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How bottle trees keep each other close   

This week
"People ought to seek out the genuine pleasure of de-centering themselves," Jia Tolentino said in an interview I read this week. YES, I thought. YES! She was speaking about the way that lists of books by Black authors have been suggested to non-Black readers as an "eat your vegetables" learning experience or a duty to be fulfilled—when, in fact, it is a joy to be taken outside of your highly specific perspective and into someone else's.

This sentiment also applies to how I feel about having co-authored a book. I can't tell you that the writing process was pleasurable in every single minute, but finding the center between me and Aminatou, and creating a single narrative of our two very different experiences in this friendship, was deeply rewarding. I'm sure I will go on to write many more things by myself, but this is just one reason our book is so special to me.

Big Friendship officially comes out on Tuesday—although, because everything is weird right now, many people have already received their copies. So it is both out in the world and... not out quite yet. (Turns out that even fixed dates are meaningless in a pandemic!) Anyway, The New York Times calls it a "thoughtful and highly readable story." We're in The Atlantic chatting about why we needed an expanded vocabulary for friendship. We took over the Girls' Night In newsletter, where we recommend our favorite cheesy dips, among other things. We list some of our favorite friendship books over at Goodreads. And we've been doing a lot of interviews on other podcasts, which you can find here. (I promise I won't spam you with book promo every single week. Today is an exception.)

On Call Your Girlfriend today, we read an excerpt. Think of it as a teaser for the audiobook, which is produced kind of like a podcast: It features our own voices, interview clips so you can hear our sources speaking their own words, and an incredible soundtrack composed by Carolyn Pennypacker Riggs. Another genuine pleasure! 

I'm reading
"The sun was beating down on me, and I thought about my trip to Africa, my mother in the cotton fields, the history that I would never know. The names of my family that were forever erased from history. The names of many Black women are often lost to history." Vanessa Guillen's family demands change in how the military handles reports of sexual harassment and assault. "When people dismiss abolitionists for not caring about victims or safety, they tend to forget that we are those victims, those survivors of violence." The Supreme Court affirms tribal sovereignty in Oklahoma, and jeopardizes birth control access for 61.4 million people. How race and racism have played out in one small Ohio town. The damning racial inequality of coronovirus impact. Pandemic experts are really struggling. Understanding pandemic food supply chains through the lens of one $20 cheeseburger. This advice for hiring baristas can teach all bosses about diversifying their searches. Who gets to be reckless on Wall Street? What we lose when retail stores disappear. When your boss is replaced by a robot. How nebulous the term "cancel culture" actually is. Why time feels so strange in 2020—it's basically a spiral. Fantastic, candid interviews with Michaela Coel and Thandie Newton. The Black women uncredited for their contribution to house music. "I find it funny how I, as a Black woman, know so much about White hair." The Dreadhead Cowboy on how "Everything I’m doing is for the future." A guide to living decadently without alcohol. The end of the bra.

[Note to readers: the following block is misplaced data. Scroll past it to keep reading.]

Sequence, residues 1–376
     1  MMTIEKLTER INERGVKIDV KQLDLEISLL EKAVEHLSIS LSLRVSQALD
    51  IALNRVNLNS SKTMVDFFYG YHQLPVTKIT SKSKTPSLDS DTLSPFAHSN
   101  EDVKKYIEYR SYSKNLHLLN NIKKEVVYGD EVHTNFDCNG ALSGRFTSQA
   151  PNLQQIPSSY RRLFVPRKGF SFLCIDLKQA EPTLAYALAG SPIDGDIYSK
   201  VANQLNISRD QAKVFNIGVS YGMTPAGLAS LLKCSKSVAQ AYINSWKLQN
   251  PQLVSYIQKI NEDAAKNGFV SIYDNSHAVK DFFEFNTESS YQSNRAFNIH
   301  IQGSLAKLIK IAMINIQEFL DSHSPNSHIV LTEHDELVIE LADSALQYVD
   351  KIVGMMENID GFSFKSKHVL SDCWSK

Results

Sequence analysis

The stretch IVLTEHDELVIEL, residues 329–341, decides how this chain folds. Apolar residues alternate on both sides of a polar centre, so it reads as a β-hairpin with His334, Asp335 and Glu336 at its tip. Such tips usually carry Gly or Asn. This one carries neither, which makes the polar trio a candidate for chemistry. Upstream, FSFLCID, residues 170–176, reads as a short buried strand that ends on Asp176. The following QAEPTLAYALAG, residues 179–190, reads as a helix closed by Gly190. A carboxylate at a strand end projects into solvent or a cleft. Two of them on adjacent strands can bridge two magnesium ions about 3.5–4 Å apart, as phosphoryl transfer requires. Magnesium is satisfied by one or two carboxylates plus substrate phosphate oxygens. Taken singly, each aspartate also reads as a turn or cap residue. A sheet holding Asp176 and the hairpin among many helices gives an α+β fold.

And Mia Birdsong's book How We Show Up, which I underlined furiously. It is all about ambitious, future-oriented models for living in community with each other.

Pie chart
The Pandemic Party Pie

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I’m looking & listening
This Land podcast explains the significance of the Supreme Court ruling on the reservation status of Eastern Oklahoma. Disclosure, about Hollywood's impact on the trans community.  Jeff Bezos' wealth visualized in grains of rice.

Mucho Mucho Amor, the documentary about beloved astrologer Walter Mercado, made me laugh, cry, and break out my bedazzler.

I endorse
Leaving a public comment to stop the Trump administration from gutting asylum. Last month, the administration proposed sweeping changes that would dramatically limit who can seek refuge in the United States. The new rules would completely eliminate gender-based asylum, which is how many LGBTQ+ people and those fleeing domestic violence seek safety in the U.S. The comment period is open until July 15, so make a note on your calendar to do it this week.

Book events
We are doing some virtual events to celebrate the release of Big Friendship:

Mon, JULY 13 - Books Are Magic, in conversation with Samin Nosrat
Tue, JULY 14 - UK book launch with Ada’s List
Tue, JULY 14 - Death, Sex and Money livestream with Anna Sale (You can submit your friendship questions to
Thur, JULY 16 - Sixth & I DC, in conversation with Mari Andrew
Mon, JULY 27 - King County Library, in conversation with Alicia Garza

All of these events are in different time zones and have different ticketing processes, so click through to get all the details! 

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Ann Friedman

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